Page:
Eisenhower Library, Eisenhower papers, Whitman file

No. 82
Memorandum of Discussion at the 153d Meeting of the National Security Council, Washington, July 9, 19531

top secret
eyes only

The following were present at the 153rd meeting of the Council: The President of the United States, Presiding; the Vice President of the United States; the Secretary of State; the Secretary of Defense; the Deputy Director for Mutual Security; the Director, Office of Defense Mobilization. Also present were the Secretary of the Treasury; the Chairman, Federal Communications Commission (for Item 1); General Collins for the Chairman, Joint Chiefs of Staff; the Director of Central Intelligence; Robert Cutler, Special Assistant to the President; C. D. Jackson, Special Assistant to the President; Colonel Paul T. Carroll, Acting White House Staff Secretary; Ralph Clark, Central Intelligence Agency (for Item 1); Commander Perry Johnson, USN, Central Intelligence Agency (for Item 1); J. J. Hitchcock, Central Intelligence Agency (for Items 1 and 2); the [Page 222] Acting Executive Secretary, NSC; and Hugh D. Farley, NSC Special Staff Member.

There follows a summary of the discussion at the meeting and the main points taken.

[Here follows discussion concerning electro-magnetic communications, significant world developments affecting United States security, the situation in Korea, United States objectives and policies with respect to the Near East, the security of strategically important industrial operations in foreign countries, possibilities of reducing United States civilian population in sensitive areas abroad, and continental defense.]

8. Volunteer Freedom Corps (NSC 143/2)2

Mr. C. D. Jackson pointed out that some ten days ago messages had been sent to the appropriate Chiefs of Mission, indicating that they should take up at once with the governments to which they were accredited the question of implementation of the Volunteer Freedom Corps. So far we had had only one informal response, namely, from Great Britain, and it had been generally favorable.3 In view of the recent developments in East Germany and among the satellites, continued Mr. Jackson, it seemed more urgent than ever that we get started on the VFC. He thought it likely that this subject would come up in the forthcoming meeting of the Foreign Ministers in Washington,4 but whether it did or not Mr. Jackson said that he hoped that the NSC would be willing to recommend, and that the President would be willing to order, the activation of the VFC, and that announcement of this action could be made at the conclusion of the Foreign Ministers meeting.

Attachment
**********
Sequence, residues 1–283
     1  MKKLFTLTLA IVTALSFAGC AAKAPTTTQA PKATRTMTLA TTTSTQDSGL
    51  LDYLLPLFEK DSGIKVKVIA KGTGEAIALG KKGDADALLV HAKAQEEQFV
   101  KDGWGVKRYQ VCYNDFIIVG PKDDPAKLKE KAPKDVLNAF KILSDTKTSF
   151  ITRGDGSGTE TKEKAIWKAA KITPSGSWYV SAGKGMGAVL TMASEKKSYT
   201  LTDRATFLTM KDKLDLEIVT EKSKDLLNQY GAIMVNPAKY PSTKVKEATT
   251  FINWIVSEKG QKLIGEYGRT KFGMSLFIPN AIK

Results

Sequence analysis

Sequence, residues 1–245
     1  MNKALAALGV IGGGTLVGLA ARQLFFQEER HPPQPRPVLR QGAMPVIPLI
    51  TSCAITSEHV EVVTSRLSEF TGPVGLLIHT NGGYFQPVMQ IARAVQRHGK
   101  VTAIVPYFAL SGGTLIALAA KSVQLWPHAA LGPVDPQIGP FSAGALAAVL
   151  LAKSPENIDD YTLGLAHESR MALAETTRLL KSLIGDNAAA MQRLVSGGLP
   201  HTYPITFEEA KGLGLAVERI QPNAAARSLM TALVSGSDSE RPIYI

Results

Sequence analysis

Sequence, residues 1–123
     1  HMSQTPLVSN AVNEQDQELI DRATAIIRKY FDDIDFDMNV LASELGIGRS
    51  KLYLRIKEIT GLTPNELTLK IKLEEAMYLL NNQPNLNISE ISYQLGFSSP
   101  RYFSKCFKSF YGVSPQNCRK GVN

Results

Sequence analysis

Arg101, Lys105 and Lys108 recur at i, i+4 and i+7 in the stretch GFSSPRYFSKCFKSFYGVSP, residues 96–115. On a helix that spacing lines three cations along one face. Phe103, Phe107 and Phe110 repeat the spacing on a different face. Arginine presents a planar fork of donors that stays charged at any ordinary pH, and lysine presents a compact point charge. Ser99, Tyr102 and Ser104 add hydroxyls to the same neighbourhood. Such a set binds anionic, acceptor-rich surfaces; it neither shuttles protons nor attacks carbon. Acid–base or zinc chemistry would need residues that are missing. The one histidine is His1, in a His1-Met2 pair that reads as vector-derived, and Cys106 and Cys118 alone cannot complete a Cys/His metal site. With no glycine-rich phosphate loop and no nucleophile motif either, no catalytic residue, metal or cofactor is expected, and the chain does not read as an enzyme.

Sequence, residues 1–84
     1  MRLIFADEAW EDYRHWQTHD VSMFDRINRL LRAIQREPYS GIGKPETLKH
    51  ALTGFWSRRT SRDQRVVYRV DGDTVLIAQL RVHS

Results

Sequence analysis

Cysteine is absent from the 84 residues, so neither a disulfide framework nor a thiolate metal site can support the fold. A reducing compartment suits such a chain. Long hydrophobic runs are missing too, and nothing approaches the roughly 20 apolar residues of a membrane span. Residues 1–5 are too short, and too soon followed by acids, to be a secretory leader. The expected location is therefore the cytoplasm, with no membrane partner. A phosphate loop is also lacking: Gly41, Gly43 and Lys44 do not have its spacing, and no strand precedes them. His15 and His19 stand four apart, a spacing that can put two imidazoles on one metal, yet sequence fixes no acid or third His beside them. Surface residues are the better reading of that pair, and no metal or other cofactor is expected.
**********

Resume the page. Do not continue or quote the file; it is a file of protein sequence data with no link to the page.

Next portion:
Secretary Dulles said he thought it would be a mistake to follow Mr. Jackson’s recommendation until we had had further indication from abroad, and particularly from Chancellor Adenauer, as to reactions to this proposal.

The Vice President asked the Secretary of State if he thought it likely that the Foreign Ministers of France and Great Britain would press for a four-power conference in the near future.

Secretary Dulles replied that he thought this very likely.

The President, however, was more skeptical of the weight of this pressure, and said that if it came, Secretary Dulles should tell his [Page 223] colleagues to go ahead and arrange their own conference with the Russians.

The National Security Council:

Noted a report by Mr. C. D. Jackson that delay in public announcement of the Volunteer Freedom Corps was occasioned by lack of response from certain of our allies to inquiries addressed to them, and his request that the State Department expedite obtaining such responses.5

[Here follows discussion of foreign reactions to administration policies.]

S. Everett Gleason
  1. Prepared by Gleason on July 10.
  2. Document 80.
  3. In telegram 6894 from London, Aldrich reported that he had spoken with Salisbury about the VFC and that Salisbury had given his informal concurrence, subject to consultation with other members of the government. (740.5/6–3053)
  4. For documentation concerning the Washington Tripartite Foreign Ministers meetings, July 10–14, see vol. v, Part 2, pp. 1582 ff.
  5. In telegrams 93 to Bonn, 107 to Paris, and 148 to London, July 9, the Department of State requested reports of the status of the VFC negotiations at each post. (740.5/7–953)